Bite alignment: Crowns or bridges help correct bite problems caused by missing or damaged teeth. It restores proper alignment and function.

Dental implants: When placed on top of dental implants, crowns or bridges replace missing teeth.

A fascinating array of dental crowns

Our smile is a testament to our unique personality, and dental crowns play a significant role in this. Let’s explore some of the types of dental crowns that are available:

  • Porcelain Crowns: Crafted from ceramic, these crowns can mimic your natural tooth color seamlessly. They’re a popular choice for front teeth, enhancing your smile without giving away their secret.
  • Metal Crowns: Harnessing the durability of gold, palladium, or other metal alloys, these crowns are the guardians of your back teeth, which bear the brunt of chewing.
  • Porcelain-Fused-to-Metal (PFM) Crowns: Balancing the strength of metal with the aesthetic appeal of porcelain, these crowns are versatile and can be used for both front and back teeth.

Is it Possible to Get Braces if You Have a Crown?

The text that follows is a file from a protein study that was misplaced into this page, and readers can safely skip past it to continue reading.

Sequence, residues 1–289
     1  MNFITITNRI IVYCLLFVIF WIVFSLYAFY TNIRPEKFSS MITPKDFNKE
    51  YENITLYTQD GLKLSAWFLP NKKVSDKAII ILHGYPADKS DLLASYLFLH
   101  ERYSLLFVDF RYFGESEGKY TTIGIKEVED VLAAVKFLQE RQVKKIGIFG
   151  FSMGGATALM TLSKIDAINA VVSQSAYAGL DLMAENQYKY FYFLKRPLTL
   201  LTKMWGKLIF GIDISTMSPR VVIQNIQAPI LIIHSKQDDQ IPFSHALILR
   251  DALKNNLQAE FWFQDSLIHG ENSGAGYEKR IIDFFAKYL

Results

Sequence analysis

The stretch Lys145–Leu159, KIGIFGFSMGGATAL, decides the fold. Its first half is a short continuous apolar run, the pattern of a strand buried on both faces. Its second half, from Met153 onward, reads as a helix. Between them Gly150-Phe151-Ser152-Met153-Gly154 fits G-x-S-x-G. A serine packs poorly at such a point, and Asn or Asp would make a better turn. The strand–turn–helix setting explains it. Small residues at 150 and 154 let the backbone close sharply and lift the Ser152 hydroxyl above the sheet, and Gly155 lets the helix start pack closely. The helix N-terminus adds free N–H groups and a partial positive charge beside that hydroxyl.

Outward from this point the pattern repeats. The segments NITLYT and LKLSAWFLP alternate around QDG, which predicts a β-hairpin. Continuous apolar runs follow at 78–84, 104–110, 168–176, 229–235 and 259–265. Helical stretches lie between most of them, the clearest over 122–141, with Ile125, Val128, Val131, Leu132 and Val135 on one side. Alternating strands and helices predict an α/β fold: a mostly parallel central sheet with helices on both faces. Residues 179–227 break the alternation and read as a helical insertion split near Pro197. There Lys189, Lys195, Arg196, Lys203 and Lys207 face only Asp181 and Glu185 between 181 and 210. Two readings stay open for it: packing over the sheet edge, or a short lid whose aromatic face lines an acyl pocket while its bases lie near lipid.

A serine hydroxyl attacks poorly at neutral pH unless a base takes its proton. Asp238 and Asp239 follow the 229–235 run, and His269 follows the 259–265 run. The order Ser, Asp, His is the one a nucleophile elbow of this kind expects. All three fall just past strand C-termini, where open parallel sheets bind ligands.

You might think that having a dental crown means you can’t get braces. Well, it’s time to bust that myth! You absolutely can get braces even if you have dental crowns. Let’s dive into the three main options you have for braces when you have crowns.

  1. Traditional Front-Facing Braces: These are the classic metal braces we all know, attached to the front surface of the teeth with brackets and wires.
  2. Lingual Braces: These braces are a little more incognito, attached to the back surface of the teeth. They’re less noticeable than traditional braces but might be a bit trickier to clean and adjust, and could cause some discomfort.
  3. Removable Clear Aligners: These are custom-made clear plastic trays that fit snuggly over your teeth and gradually shift them into place. They’re nearly invisible and can be removed when eating or brushing.

So, How Do Braces Work With Crowns Exactly?